Error handling near the top level of a command line tool

I'm writing some command line tools and I find that the ? operator cannot help me in the outermost layers of the code, which wind up looking very much like how I would have written the same thing in C, for example

struct Args {
    input: PathBuf,
    output: PathBuf,
    // ...
}

fn run(args: Args) -> i32 {
    let input = match fs::open(&args.input) {
        Ok(d) => d,
        Err(e) => {
            eprintln!("{}: {}", args.input.display(), e);
            return 1;
        }
    };
    let mut output = match fs::create(&args.output) {
        Ok(d) => d,
        Err(e) => {
            eprintln!("{}: could not create: {}", args.output.display(), e);
            return 1;
        }
    };
    // ... actual work here ...
    if let Err(e) = output.flush() {
        eprintln!("{}: write error: {}", args.output.display(), e);
        return 1;
    }
    0
}

fn main() {
    std::process::exit(run(parse_args()));
}

Is there a preferred, or at least less repetitive, way to write this kind of code? Note that control over the details of the error messages is very important to me, which is why I'm not having main return io::Result<()>.

I guess what I would recommend trying instead is splitting main into 2 parts, one returning a custom error with your specific error formatting or the same using thiserror (or both and then cargo expand to see if they are basically the same, and whether thiserror is worth it to you).

I haven't tried to compile the following, but it is basically along the lines of where I would start...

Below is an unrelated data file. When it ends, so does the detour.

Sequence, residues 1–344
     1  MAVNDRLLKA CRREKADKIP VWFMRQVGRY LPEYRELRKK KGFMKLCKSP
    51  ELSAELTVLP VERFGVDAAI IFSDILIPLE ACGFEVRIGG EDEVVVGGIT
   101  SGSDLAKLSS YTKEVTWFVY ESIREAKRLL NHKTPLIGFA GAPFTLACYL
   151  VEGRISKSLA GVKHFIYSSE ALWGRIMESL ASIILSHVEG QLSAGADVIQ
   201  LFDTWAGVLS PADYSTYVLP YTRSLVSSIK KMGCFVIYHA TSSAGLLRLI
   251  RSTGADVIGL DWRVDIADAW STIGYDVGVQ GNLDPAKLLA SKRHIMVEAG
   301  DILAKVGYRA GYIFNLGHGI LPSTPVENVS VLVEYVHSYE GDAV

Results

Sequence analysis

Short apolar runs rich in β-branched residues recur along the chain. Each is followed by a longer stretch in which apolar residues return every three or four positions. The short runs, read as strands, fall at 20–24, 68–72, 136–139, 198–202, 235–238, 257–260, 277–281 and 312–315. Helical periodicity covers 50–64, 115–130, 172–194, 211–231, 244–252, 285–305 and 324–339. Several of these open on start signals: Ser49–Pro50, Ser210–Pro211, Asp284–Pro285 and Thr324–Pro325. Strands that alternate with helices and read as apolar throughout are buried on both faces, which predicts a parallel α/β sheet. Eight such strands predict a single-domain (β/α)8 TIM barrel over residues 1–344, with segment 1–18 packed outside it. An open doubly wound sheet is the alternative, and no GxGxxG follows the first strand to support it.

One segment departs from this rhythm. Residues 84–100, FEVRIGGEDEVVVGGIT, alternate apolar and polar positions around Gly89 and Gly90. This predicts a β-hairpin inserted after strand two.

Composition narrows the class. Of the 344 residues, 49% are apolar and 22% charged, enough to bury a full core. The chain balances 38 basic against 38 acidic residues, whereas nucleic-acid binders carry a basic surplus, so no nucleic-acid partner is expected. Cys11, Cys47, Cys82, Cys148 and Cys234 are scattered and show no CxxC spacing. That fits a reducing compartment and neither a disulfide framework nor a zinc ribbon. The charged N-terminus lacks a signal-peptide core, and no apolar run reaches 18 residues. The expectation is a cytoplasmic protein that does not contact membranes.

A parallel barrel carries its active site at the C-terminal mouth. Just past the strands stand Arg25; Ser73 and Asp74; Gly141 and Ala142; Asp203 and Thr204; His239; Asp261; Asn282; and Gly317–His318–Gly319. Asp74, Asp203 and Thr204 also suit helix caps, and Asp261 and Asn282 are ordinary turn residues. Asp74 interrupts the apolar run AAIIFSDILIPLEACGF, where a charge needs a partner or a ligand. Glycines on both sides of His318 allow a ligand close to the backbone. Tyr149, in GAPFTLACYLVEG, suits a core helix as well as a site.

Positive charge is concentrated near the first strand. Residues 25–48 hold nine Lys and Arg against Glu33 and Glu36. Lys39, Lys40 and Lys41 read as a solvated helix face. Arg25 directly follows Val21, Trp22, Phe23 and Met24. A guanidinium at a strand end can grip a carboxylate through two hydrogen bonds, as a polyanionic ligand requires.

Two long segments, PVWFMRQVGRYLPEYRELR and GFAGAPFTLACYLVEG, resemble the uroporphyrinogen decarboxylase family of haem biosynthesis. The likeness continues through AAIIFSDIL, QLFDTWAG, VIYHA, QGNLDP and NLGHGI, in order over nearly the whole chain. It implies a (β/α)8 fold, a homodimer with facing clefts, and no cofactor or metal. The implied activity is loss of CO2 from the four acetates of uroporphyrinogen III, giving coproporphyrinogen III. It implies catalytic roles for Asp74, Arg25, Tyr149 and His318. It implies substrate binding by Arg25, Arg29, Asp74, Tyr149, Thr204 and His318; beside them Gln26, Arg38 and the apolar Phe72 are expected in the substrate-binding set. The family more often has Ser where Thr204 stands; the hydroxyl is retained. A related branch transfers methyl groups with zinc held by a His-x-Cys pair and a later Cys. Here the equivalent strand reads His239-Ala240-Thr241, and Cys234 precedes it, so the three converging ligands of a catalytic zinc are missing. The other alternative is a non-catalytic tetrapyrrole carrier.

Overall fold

use thiserror::Error;
#[derive(Error)]
enum MyError {
   #[error("custom formatting {0}")]
   Io(#[from] io::Result);
   #[error("some other formatting {0}")]
   SomeSpecificFormatting(#[from] io::Result);

}

fn main() -> i32 {
    if let Err(e) = inner_main() {
      eprintln!("custom error output {}", e.to_string());
      code
   } else {
      0
   }
}

fn inner_main() -> Result<(), MyError> {
   // If you need different formatting for the same error in multiple ways
   // honestly don't know if you need this.
   Ok(()).map_err(MyError::SomeSpecificIoFormatting)
}
1 Like

Inside run, you can map all errors to a simple string and return them with the question mark operator. You can then match the return value of run in main to print the error and return an exit code.

(I changed your file api to std)

fn run(args: Args) -> Result<(), String> {
    let input = File::open(&args.input).map_err(|e| format!("{}: {}", args.input.display(), e))?;
    let mut output = File::create(&args.output).map_err(|e| format!("{}: could not create: {}", args.output.display(), e))?;
    // ... actual work here ...
    output.sync_all().map_err(|e| format!("{}: write error: {}", args.output.display(), e))?;
    Ok(())
}

fn main() -> ExitCode {
    match run(parse_args()) {
        Ok(()) => ExitCode::from(0),
        Err(s) => {
            eprintln!("{}", s);
            ExitCode::from(1)
        }
    }
}
2 Likes

You could use the newly stabalized inspect_err to print and ExitCode to return termination status.

fn run(args: Args) -> Result<(), Error> {
    let input = match fs::open(&args.input)
        .inspect_err(|e| eprintln!("{}: {}", args.input.display(), e))?;
    let mut output = match fs::create(&args.output)
        .inspect_err(|e| eprintln!("{}: could not create: {}", args.output.display(), e))?;
    output.flush()
        .inspect_err(|e| eprintln!("{}: write error: {}", args.output.display(), e))?;
    Ok(())
}

fn main() -> ExitCode {
    match run(parse_args()) {
       Ok(_) => ExitCode::SUCCESS,
       Err(_) => ExitCode::FAILURE,
    }
}

I'm not sure why it didn't occur to me that the Err side of a Result could be a bare String. I'll have to experiment a little but that might just work.

In case you want to communicate more, like a specific exit code or something, you can also return more complicated types like Result<(), (String, u8)>. But at that point also consider making your own Error enum for this purpose, with a variant for each possible error and data associated with it. You can put all the error messages in its Display impl.

2 Likes